As of September 2021, a total of 191 Filipinos were able to leave Afghanistan while 18 others chose to stay.

Some of the repatriates who hitched a ride on US military planes landed in Qatar and stayed there until they were sent back home.

For Philippine Consul General to Qatar Roussel Reyes, this shows the effective coordination between the country's foreign service posts, the DFA, and its partners.

"If you would recall maraming mga Pilipino ang na-evacuate from Afghanistan at dito po sa Qatar sila nakarating dahil po nga may US military facility po dito and again (there were many Filipinos who were evacuated from Afghanistan and landed here in Qatar). With the strong support (of) the department and in coordination po with the US armed forces and the concerned Qatar authorities, we were able to repatriate them from Qatar to the Philippines," he said.

Apart from protecting its nationals, the Philippines opened its doors to Afghan, the first batch of whom arrived in the country last September 2021-- an act, which according to Locsin, showed Manila "stays steady where others waver".

'Promoting PH interest'

The year 2021 also highlighted the Philippines' commitment to pursuing an independent foreign policy as it engages with all states while promoting the country's national interests.

"The DFA has not wavered in its mandate to keep our territories secured, contribute to national economic development, protect the rights and attend to the welfare of Filipinos, promote Filipino culture, and uphold our nation's standing in the global community," Locsin said.

"Resolute and resilient, the DFA has forged ahead under the guidance and direction of President Duterte. As no one thought possible, we have pursued an independent foreign policy for the first time in the history of the Republic and done well by it," he added.

It was also in 2021 that the country decided to retain the Visiting Forces Agreement more than a year after the chief executive announced its abrogation.

On the West Philippine Sea, the DFA assured the public that the Philippines answered every incursion in its territory.

In fact, 2021 saw a flurry of diplomatic protests filed against China amid its illegal presence and activities in Philippine waters.

In April, the DFA came out with a strong statement calling out Beijing over what it called blatant infringement upon Philippine sovereignty, sovereign rights, and jurisdiction.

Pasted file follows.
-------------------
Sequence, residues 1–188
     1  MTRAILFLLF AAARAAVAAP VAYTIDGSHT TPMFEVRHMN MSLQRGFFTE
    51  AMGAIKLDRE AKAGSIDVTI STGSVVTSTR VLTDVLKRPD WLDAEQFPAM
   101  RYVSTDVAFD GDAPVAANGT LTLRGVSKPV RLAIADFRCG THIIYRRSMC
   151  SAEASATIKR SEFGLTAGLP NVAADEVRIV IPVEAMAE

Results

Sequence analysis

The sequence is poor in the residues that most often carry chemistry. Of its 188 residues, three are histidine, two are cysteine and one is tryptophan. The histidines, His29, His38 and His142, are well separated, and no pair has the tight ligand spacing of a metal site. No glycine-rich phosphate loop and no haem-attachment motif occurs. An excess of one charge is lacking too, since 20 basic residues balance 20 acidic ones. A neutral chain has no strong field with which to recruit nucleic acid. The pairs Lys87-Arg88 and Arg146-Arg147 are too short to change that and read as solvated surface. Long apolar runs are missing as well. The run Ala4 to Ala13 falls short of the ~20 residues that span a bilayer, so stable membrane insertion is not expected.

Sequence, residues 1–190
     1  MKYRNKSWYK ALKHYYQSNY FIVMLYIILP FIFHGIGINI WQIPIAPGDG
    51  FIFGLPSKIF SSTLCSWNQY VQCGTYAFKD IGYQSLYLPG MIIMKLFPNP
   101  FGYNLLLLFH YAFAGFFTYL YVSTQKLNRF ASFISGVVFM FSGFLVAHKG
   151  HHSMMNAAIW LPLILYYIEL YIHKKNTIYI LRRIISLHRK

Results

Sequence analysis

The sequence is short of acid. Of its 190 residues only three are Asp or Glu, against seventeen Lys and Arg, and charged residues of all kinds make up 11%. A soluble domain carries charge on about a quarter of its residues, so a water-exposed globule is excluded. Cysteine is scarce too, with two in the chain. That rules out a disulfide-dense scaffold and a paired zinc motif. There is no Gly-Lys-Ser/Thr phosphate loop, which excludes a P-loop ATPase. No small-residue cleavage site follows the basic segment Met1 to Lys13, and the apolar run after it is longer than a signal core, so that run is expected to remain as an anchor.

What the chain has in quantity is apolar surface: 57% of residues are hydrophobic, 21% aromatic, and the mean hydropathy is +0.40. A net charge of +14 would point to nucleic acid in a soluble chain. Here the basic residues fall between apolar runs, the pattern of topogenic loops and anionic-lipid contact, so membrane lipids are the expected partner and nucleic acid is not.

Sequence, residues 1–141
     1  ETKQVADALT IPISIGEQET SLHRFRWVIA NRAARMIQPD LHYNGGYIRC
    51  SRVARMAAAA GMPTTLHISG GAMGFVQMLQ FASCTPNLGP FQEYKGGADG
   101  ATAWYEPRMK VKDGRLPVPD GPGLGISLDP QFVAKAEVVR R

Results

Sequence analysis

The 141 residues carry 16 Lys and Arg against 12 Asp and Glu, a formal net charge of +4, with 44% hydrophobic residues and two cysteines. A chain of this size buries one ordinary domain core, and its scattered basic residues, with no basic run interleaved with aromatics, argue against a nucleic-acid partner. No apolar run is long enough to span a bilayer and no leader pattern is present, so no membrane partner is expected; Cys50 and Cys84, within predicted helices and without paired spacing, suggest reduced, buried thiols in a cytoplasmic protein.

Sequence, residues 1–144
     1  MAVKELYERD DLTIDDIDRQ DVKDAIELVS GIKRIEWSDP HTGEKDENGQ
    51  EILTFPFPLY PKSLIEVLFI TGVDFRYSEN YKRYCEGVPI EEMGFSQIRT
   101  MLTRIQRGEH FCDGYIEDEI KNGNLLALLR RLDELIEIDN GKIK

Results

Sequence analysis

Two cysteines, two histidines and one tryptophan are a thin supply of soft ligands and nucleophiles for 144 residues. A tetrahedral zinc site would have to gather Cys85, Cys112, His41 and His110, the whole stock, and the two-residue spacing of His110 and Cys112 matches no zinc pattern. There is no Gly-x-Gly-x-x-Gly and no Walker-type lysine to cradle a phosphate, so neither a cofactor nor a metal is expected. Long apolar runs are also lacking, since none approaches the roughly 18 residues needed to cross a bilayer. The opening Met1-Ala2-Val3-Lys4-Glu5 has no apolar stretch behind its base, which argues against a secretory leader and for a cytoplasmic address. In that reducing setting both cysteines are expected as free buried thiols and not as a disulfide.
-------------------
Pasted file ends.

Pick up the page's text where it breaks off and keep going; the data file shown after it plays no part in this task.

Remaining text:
At that time, Philippine maritime law enforcement agencies observed the continued unauthorized presence and activities of more than a hundred Chinese fishing vessels and "Chinese Maritime Militia vessels" within the country's exclusive economic zone; in the waters of Kalayaan Island Group; and in and around the territorial waters of Bajo de Masinloc.

Manila also refuted China's claims in the Ayungin Shoal after the latter's coast guard blocked and fired water cannon on two Philippine boats while en route to resupply the garrison of Filipino troops in the Ayungin last November.

President Duterte in his 2021 State of the Nation Address confirmed that the government had asserted "clearly and in no uncertain terms" the 2016 arbitration ruling on the South China Sea bilaterally, at the Association of Southeast Asian Nations, and finally, at the United Nations General Assembly."

Despite the limitations posed by the pandemic, DFA was also able to advance the negotiations on the Code of Conduct (COC) with parties reaching a "provisional agreement" on its preamble.

"An effective and substantive COC remains our goal, it goes without saying that it must uphold UNCLOS and the arbitral award and not undermine it," Locsin said.

In his own words, Duterte in 2021 stressed that "gone are the days when the Philippines decides and acts in the shadows of great powers. We will assert what is rightfully ours and fight for what is rightfully due to the Filipino people." (PNA)